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A much beloved novel (which I have read), the complex tale of “Ender’s Game” has come to the big screen, and with it a curious exploration of morality in war, utilitarianism, the ends justifying the means – or not – the role and justification for violence, and much, much more.
In an unusually faithful, if condensed, adaptation of the book, “Ender’s Game” the movie takes viewers to a future Earth, where a thwarted alien invasion has left humanity scarred and terrorized by the thought of the aliens returning to “finish the job.”
Sacrificing their freedoms for security (oops, there’s another theme the story explores) the people of Earth have allowed a Big Brother-type military to examine and test their children to find those best suited to lead a counter-offensive before the aliens can strike again.
And herein lies the book’s big twist: The military determines children are the best commanders for Earth’s interstellar fleet, due to their ability to rapidly process complex information and think outside the box – essentially the notion that war in space resembles those video games that are infinitely too complex and fast-moving for adults to enjoy.
Enter A. Ender Wiggins (portrayed brilliantly by actor Asa Butterfield), a young outcast from an exceptional family who seems to possess just the right combination of his sister’s empathy for others and his brother’s cold and strategic brutality when under threat. This boy, the gruff Colonel Graff (played by Harrison Ford) determines, is the perfect choice to be trained to eliminate the alien menace.
But how hard should he be trained? How hard can you push? With the clock ticking and a suitable commander for the Earthling invasion of the alien home world needing to be found, is Colonel Graff’s win-at-all-costs mentality justified?
At one point in the film, Graff is challenged that it used to be illegal to recruit children younger than 15.
“When the war is over,” Graff responds, “we can have the luxury of debating the morality of what we’re doing.”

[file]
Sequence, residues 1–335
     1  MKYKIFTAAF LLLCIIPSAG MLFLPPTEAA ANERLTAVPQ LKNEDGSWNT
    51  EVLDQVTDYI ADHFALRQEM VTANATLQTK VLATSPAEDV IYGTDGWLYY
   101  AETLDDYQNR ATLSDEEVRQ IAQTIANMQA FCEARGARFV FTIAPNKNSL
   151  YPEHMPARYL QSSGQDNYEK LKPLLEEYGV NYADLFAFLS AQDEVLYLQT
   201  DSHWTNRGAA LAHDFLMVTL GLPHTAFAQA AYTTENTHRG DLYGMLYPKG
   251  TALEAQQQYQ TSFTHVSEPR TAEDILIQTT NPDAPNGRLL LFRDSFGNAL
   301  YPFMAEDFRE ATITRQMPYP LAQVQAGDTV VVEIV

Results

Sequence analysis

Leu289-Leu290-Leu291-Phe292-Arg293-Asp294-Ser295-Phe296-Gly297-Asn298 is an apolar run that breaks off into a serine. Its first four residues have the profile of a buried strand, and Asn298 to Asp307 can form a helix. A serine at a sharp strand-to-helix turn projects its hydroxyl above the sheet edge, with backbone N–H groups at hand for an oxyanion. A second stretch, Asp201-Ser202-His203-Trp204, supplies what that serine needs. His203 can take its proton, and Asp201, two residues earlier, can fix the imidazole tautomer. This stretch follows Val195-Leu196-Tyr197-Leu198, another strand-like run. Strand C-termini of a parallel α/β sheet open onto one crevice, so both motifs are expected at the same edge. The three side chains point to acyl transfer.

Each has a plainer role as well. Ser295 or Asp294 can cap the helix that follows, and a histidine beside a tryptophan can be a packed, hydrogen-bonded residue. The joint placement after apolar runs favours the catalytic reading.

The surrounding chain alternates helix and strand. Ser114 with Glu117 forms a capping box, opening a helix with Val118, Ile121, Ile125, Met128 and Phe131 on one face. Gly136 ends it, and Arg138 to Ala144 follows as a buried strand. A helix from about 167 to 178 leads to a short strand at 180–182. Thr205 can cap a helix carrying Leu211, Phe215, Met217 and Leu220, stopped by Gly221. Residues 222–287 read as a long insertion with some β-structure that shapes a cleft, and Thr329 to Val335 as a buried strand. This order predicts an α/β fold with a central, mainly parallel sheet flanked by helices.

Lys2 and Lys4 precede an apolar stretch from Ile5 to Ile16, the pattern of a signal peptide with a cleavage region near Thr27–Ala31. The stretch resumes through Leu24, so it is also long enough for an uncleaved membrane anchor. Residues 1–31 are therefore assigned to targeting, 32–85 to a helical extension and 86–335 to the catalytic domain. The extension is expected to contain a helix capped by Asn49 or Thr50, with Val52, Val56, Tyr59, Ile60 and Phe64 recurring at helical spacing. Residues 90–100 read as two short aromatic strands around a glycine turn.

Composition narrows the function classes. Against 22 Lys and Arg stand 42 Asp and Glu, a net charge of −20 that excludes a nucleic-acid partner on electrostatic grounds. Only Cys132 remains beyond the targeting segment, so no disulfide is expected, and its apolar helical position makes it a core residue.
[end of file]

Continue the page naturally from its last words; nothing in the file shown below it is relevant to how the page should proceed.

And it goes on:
With the very existence of the human species on the line, is Graff right?
Meanwhile, the story’s real conflict is in Ender himself, who desires to live in peace, but finds himself forced to fight to defend himself. Worse yet, as he’s younger and weaker than those around him, self-defense isn’t sufficient; he must crush his enemies before they can crush him. But is that a moral justification for his brutality?
In a climactic confrontation, Ender is told to win, “That’s all that matters.”
“No!” he cries back. “The way we win matters!”
The film is rife with these dilemmas, with gut-check moments of conscience and questions.
Yet despite its themes of military and war, outside of some throw-away lines on population control, the film (like the book) avoids the leftist politics many have come to expect from Hollywood. It avoids taking a pro- or anti-military stance. Rather than morphing it into some commentary on George W. Bush and the Iraq war – which would have been easy, given the story’s themes – or Islam or anti-colonialism or some such thing, the director stayed true to the novel, which is more a challenge to the conscience than an effort to brainwash it.
The end result is a solid, entertaining and thought-provoking film. Good acting, solid pacing, a riveting and complex story and some great visual sci-fi action make “Ender’s Game” one of the better films of the year so far.
- “Ender’s Game,” rated PG-13 contains three minor profanities and/or obscenities.
- The film has very little sexuality, limited to a few jokes, comments about who has “balls” (meaning courage) and a scene with Ender shirtless as he showers.
- There are several scenes of spaceship battles, a few scenes of hand-to-hand combat and other minor incidents of violence. Little bloodshed is seen, though one combatant’s head injury is traumatic, if not bloody. The youngsters also train for space combat in a dome with laser-like stun pistols and some banging around in zero gravity.
- The film’s only religious or occult content is a “peace” greeting in a foreign language and a series of tattoos on a character’s face that he explains through some mumbo-jumbo about “connecting to my past” and “speaking to my inner skin.” It’s a brief and vague explanation.